Tag: Bay Area music scene

Sweeter Music and High Art

Sarah stipulated that the music should be about war or peace, “but preferably peace.” War seemed easy. Almost everything I had done in the last few years had to do with it. Peace was harder. I started War Dances, but soon got into trouble and couldn’t go on. So I dropped war and turned to peace.

—Frederic Rzewski, on Peace Dances

Sweeter Music CD
Pianist Sarah Cahill’s A Sweeter Music commissioning project, which has yielded 18 solo piano works that she has presented in concert both in the San Francisco Bay Area and on tour, developed as a response to the Iraq War. Cahill said in an interview with San Francisco blogger Michael Strickland, “After reading news about the latest deaths in Iraq, I would sit down and play [Frederic Rzewski’s arrangement of ‘Down by the Riverside’] as a kind of catharsis. I kept thinking that there needed to be more pieces like this, which are composed in response to a particular war … but can still provide solace and inspiration thirty years later and beyond. … So I really left it to the composers whether their work would be ‘anti-war’ or ‘pro-peace.’”
This fall, the Other Minds record label released Cahill’s recording of eight of the works that have come out of the project. (A second album is planned for future release.) This first CD, titled A Sweeter Music, comprises works by established American compositional voices, including Terry Riley, Yoko Ono, Kyle Gann, Meredith Monk, Phil Kline, Carl Stone, and, of course, Rzewski. There is also a piece written by the legendary experimental art collective The Residents, for solo piano and a recorded spoken text. Many of these composers have created works in response to war previously—Riley’s Salome Dances for Peace, Kline’s Zippo Songs, and much of Rzewski’s output immediately jump to mind—but Cahill’s juxtaposition of these diverse artistic reactions to mankind’s most destructive compulsion makes for a multifaceted and complex collective statement.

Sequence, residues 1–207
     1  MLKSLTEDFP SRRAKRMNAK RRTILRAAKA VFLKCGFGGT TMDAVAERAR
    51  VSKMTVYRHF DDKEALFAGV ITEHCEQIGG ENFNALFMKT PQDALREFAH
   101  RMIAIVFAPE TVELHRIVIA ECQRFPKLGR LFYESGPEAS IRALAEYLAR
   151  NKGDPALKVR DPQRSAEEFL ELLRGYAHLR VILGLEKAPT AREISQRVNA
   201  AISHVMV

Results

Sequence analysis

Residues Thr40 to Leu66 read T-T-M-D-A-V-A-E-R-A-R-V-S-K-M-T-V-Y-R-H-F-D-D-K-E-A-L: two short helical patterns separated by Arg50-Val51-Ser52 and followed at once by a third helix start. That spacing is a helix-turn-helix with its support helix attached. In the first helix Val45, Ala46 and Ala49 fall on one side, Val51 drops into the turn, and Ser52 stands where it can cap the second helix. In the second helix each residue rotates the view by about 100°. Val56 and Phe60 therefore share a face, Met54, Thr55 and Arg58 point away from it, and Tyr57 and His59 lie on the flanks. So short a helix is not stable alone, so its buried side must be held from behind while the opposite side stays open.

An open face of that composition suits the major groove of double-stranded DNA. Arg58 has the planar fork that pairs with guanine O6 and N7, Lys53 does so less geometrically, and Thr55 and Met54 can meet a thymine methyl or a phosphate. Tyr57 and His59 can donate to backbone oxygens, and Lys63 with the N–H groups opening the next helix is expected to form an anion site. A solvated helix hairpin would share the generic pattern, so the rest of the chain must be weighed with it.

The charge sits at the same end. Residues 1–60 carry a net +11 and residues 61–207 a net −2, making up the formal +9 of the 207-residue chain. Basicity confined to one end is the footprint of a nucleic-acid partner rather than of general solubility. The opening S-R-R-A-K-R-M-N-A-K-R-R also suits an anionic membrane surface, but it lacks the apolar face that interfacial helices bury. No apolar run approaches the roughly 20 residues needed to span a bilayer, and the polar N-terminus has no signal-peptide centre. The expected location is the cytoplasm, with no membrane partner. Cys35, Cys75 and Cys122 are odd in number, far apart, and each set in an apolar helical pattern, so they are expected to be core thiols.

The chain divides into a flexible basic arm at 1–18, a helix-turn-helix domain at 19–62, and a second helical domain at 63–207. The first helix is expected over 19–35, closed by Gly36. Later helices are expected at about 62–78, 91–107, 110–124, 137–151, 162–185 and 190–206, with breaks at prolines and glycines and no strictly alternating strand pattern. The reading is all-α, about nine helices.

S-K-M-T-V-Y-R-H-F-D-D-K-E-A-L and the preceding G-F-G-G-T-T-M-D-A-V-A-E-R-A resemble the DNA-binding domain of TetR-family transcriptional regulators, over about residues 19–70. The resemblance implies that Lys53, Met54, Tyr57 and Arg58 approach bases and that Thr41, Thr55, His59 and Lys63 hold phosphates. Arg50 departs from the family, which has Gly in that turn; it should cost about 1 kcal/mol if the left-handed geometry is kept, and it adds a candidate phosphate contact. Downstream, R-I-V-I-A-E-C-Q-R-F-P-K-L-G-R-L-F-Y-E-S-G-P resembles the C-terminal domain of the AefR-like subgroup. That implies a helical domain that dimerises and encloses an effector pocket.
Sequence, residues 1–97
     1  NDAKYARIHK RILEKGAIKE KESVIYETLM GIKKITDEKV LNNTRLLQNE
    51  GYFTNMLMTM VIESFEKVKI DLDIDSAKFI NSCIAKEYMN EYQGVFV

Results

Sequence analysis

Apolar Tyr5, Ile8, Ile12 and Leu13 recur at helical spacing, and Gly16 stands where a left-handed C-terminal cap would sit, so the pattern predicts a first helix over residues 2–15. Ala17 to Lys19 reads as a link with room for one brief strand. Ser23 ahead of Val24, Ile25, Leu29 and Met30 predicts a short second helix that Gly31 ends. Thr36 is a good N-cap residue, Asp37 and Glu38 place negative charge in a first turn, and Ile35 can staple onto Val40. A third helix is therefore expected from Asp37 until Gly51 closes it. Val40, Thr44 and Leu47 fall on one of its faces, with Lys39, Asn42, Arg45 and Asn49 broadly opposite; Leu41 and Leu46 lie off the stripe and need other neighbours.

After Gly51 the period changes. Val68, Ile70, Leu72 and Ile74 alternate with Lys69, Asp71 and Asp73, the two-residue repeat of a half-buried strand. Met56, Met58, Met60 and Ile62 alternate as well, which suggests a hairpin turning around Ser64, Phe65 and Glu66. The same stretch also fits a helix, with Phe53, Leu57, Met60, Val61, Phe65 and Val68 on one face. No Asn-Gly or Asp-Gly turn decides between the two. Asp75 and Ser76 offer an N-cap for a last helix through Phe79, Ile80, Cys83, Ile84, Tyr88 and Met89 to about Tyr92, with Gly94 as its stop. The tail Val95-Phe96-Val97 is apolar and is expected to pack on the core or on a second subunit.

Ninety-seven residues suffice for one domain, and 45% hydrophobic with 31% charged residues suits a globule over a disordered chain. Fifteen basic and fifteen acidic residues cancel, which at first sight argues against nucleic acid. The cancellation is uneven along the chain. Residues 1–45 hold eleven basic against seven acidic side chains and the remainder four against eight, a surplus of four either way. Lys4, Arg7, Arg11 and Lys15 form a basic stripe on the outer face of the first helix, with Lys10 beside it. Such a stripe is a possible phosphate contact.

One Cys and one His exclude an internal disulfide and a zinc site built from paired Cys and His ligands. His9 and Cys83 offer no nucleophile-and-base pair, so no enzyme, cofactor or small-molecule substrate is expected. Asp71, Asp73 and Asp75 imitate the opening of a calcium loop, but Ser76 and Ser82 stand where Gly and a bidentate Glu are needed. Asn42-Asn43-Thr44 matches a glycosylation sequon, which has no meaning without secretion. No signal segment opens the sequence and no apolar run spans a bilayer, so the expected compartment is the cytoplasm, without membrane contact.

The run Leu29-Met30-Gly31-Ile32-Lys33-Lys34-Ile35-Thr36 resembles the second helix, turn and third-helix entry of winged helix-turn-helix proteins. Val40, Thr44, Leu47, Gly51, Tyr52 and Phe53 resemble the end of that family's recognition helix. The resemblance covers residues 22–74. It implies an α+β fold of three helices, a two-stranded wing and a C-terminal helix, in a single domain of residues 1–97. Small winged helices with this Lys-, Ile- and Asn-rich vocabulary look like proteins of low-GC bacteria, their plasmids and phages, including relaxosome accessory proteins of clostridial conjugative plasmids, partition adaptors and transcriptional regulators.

Only two of these works include text: whereas The Residents’ drum no fife uses a recorded text that addresses the universality of the desire for both war and piece, in War is Just a Racket Kyle Gann instead gives Cahill herself text to recite while playing, drawn specifically from a 1933 speech by U.S. General Smedley Butler denouncing the military and capitalism. Gann aligns certain chords and cadences with specific words and lines, with solo piano interludes that are pastiches of Americana, evoking a distorted Norman Rockwell image of apple pie. Within this compilation, Gann’s work is the most explicit in its condemnation of war and the motivations that have driven America into violent conflicts.